Unlikely tension—Ignition springs, information and KM
Do accountants and managers charged with controlling costs get more time to make good on their debts?
In the United States, the most interesting cost challenge I encountered is the Thomson’s love affair with Next. In terms of knowledge management, Next was an initiative to create a “digital news hub.” (See niemanlab.org/2013/09/reuters-nixes-next-failed-redesigns-and-the-challenge-of-expanding-a-digital-audience.)
According to the Nieman Lab analysis: “Reuters Next was conceived as a complete overhaul of Reuters.com as well as the backend systems that deliver news and updates from journalists and editors around the globe. In May, the company unveiled a preview version of the new site, a unified design that merged article pages and topic pages, where every story could act as a jumping off point in a constantly updating river of news.”
The cost of Next almost a year after the shutdown is not public knowledge. The Nieman Lab research highlights barriers that have tripped up other information-centric companies. Thomson Reuters wrestled with disparate content types and retired without a victory. Staff and management churn added friction to the effort. In short, one of the largest and most capable information companies had to reverse course. Instead of pumping up Thomson Reuters’ revenues and profit with a next-generation system, the highly regarded company stumbled.
What are the steps an organization can take to reduce the costs and risks of extracting value from digital information? I ran a series of queries on Bing and Google and scanned some of the considerable output those systems generated. I tallied the reasons scholars, journalists and analysts identified. The results were surprising only in their consistency and repetitiveness. Based on my research, the top three reasons knowledge management projects experience cost overruns are:
- changes to specifications, and
- technical problems.
The generality of those points is itself important. The fuzziness associated with the concepts “content,” “digital information,” “big data,” etc., make it difficult to nail down what a system will do, can do or should do. Bucharest Academy of Economic Studies’ analysts Daniela Hincu and Luban Florica offered a fresh view of the challenge. In “On Some Issues about Knowledge Management System Implementation,” they wrote, “The ultimate goal of knowledge management is to facilitate circular knowledge of instrumental knowledge to codified knowledge.” (See http://gandalf.fcee.urv.es/sigef/english/congressos/congres15/036_Hincu%20-%20Luban.pdf.)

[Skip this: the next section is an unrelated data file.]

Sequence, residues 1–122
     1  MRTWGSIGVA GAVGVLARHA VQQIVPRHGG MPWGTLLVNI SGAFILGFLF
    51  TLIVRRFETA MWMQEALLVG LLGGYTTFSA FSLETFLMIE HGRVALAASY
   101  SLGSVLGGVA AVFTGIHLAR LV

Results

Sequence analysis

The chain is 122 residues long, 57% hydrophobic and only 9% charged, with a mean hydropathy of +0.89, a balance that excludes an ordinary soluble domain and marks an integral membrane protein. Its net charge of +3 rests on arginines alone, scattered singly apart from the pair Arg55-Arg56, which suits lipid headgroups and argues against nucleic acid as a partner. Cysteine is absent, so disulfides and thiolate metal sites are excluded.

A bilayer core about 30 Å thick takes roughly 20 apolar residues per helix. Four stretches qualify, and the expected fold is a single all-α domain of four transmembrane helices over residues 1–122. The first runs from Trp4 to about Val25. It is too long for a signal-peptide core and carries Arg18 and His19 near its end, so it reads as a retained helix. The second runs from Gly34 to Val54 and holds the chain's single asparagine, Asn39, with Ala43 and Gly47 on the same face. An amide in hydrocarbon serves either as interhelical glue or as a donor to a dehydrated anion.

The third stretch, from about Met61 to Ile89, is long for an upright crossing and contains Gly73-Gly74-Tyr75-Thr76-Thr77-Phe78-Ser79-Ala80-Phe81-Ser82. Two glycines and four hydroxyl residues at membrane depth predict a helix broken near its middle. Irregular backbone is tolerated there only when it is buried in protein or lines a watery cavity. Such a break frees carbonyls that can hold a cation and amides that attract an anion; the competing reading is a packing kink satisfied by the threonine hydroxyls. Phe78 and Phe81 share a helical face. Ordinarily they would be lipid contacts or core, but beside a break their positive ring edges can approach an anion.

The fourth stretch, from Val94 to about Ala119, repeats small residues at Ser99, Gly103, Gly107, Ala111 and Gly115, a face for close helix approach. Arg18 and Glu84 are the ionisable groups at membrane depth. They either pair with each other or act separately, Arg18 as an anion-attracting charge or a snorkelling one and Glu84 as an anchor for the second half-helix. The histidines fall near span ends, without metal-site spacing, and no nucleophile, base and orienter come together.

The phrase “circular knowledge” is pregnant with implications. On the surface, the concept suggests that institutional knowledge is recursive. The company and its staff encounter a situation, find that existing information does not provide an answer. The organization charts a course and that information expands the tacit and implicit knowledge. In short, the phrase nicely hooks a human’s learning process to an organization’s.
Digging a bit deeper, the phrase circular knowledge implies a process that influences the decision-making within an organization. The phrase “telephone tag” once suggested a process that was a result of “keeping in touch” with colleagues. The process of circular knowledge may be a similar emergent behavior. Making a decision without engaging in both a dialog and fact gathering may be a catalyst in the actions an organization takes. Good or better decisions, one assumes, emerge from the process.
Also, the phrase triggers for me an association with the inefficiency of bureaucracies. The behaviors that accompany business activities may contribute to inefficiency, higher costs and unacceptable risks. Circular knowledge can shift attention from the “rightness” of a decision to a process akin to a cat’s chasing its tail. In a less favorable light, the pursuit of “knowledge” becomes a job in itself. Instead of widening a horizon, knowledge, information and facts are distilled to a rationalization. My hunch is that GM and the managers involved in the digital projects with massive cost overruns removed themselves from the broader context of a decision, project or objective. What is surprising is that organizations want better information systems and then demonstrate behaviors that are neither well conceived or informed.
When Mary Barra, the CEO of General Motors, said, “Today’s GM will do the right thing” and “I am deeply sorry,” she seemed to mean it. (See money.cnn.com/2014/04/01/news/companies/barra-congress-testimony.)
The problem, however, is not likely to go away because a person makes a statement under oath. My history professor Dr. Philip Crane, a former member of Congress, was fond of telling his students: “Important principles may, and must, be inflexible.”
Knowledge management systems can provide access to information and a wealth of organizational data. However, if those who tap that information make cost reductions and expediency subservient to what common sense dictates is right and proper action, the most sophisticated retrieval system will be largely without value.